2019-12-19 15:47:28 +0000
To: Minister Eoghan Murphy
Access to Justice
Not to enact anti democratic planning laws that will prevent environmental NGO's and community groups challenging bad planning decisions in the courts. It will prevent us protecting our environment against damage.
Why is this important?
VERY IMPORTANT to stop this legislation by Minister Murphy as it will effect our ability to take a court case/ judicial review. Environmental groups outline shock at proposed planning Bill.
Proposed legislative changes would make it almost impossible for citizens and environmental groups to challenge poor planning decisions in the courts.
Ireland’s leading environmental coalition is shocked at the Minister for Housing’s attempt to introduce new planning legislation that would make it near impossible to challenge planning decisions in the courts and hold public authorities and the Government to account.
The Environmental Pillar – a coalition of national environmental organisations – learned over the weekend of worrying developments with the Housing and Planning and Development Bill 2019 that is being brought forward by Minister Eoghan Murphy TD.
In sum, the proposed Bill will add numerous challenging requirements and restrictions that will make it very hard for ordinary citizens and environmental NGOs to achieve the necessary “standing” to take cases.
The changes proposed in the Bill would also add to the complexity of the court process and increases the risks of exposure to significant costs to those seeking to challenge bad planning decisions.
This legislation would row back on major changes introduced just a few years ago to enable ordinary people, their organisations, and environmental NGOs to challenge bad environmental decisions. Those changes were already long overdue and necessary to comply with EU law and the Aarhus Convention.
The Heads of the Bill sent to the Joint Oireachtas Committee for Housing, Planning and Local Government last week are very blunt that the proposed changes are designed to make it more difficult to engage in the legal process and appears to favour developer’s interests at the cost of environmental rights.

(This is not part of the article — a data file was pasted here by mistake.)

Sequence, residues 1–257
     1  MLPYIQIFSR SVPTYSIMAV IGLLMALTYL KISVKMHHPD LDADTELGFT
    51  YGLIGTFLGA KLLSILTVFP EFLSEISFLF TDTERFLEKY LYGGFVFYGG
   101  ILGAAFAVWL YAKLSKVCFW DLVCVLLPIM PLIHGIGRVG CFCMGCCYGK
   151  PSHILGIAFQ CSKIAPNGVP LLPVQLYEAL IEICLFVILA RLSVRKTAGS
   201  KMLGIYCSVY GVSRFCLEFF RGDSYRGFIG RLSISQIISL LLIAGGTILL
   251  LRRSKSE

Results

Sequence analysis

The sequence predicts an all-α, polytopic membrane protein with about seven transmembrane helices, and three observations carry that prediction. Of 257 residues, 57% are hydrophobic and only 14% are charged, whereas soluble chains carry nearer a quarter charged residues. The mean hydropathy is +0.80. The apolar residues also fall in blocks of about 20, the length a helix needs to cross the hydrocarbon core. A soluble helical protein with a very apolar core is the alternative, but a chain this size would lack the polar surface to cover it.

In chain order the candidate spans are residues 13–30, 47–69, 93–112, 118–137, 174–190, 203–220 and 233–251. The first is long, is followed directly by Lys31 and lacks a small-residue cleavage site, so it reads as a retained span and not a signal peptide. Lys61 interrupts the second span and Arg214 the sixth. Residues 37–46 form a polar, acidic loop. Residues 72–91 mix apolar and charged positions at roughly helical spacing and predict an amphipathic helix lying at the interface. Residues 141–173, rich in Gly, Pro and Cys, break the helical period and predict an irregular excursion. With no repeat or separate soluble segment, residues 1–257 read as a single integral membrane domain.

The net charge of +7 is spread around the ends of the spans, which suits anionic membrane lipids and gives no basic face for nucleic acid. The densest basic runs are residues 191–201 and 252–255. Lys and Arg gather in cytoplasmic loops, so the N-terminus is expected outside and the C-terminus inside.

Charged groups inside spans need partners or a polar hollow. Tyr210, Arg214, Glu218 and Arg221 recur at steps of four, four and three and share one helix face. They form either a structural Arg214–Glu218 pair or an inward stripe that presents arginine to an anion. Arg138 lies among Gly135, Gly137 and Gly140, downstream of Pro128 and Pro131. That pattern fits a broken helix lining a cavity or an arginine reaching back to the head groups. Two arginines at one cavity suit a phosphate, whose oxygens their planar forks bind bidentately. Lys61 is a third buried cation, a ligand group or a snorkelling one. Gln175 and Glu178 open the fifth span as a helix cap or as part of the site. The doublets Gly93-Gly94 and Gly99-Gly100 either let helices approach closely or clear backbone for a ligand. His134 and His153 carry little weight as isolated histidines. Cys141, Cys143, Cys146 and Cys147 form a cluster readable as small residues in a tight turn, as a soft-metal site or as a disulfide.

The most worrying aspects (some of which are further explored below) of the proposed Bill are:
• Complete change to existing cost rules for environmental cases from a system where costs should “not be prohibitively expensive” to a cost cap rules system with court discretion. This exposes the public and eNGOs to much higher costs and uncertainty, ensuring that many will be dissuaded from bringing a case in the first place and makes it harder to engage lawyers
• Change in standing rights requirements for applicants from “sufficient interest” to “substantial interest” and a requirement that they must be “directly affected by a proposed development” and “in a way which is peculiar or personal”. This is in addition to a new requirement that the applicant must have had prior participation in the planning process.
• Extension of the minimum time that an NGO must be in existence before it can challenge a planning decision from 12 months to 3 years, thereby essentially ruling out newly established citizen-led NGOs concerned with local environmental issues from bringing challenges
• Insertion of a new requirement that NGOs must have a minimum of 100 affiliated members, thereby ruling out the vast majority of Irish groups from bringing challenges.
• Increased requirements for the “leave” stage (where you get court permission to challenge). The Heads of the Bill propose going back to the abandoned “on notice” system and adding to the tests and complexity of the leave – this adds to the costs, duration and difficulty of court proceedings.
“This legislation would row back on major changes introduced just a few years ago to enable ordinary people and small but committed environmental NGOs to legally challenge bad environmental decisions, without fear of incurring eye-watering costs and extensive obstacles to accessing justice.”
“The explanation for the Bill is blatant about making it harder to challenge decisions, with the Department arguing that challenges cause delays. It is bad decisions, and flawed legislation however, that are the real issue driving litigation in this country and this Bill does nothing to address that.
“Given the context of costs in our Irish planning system, the size and nature of organisations and the costs in our courts, this Bill is an extermination of environmental democracy and oversight. It is particularly chilling that it comes at a time when environmental protection has never been more important, and citizens and groups are mobilising in a powerful Green Wave given the endless failures of this Government and administration.
How it will be delivered
Stage a press conference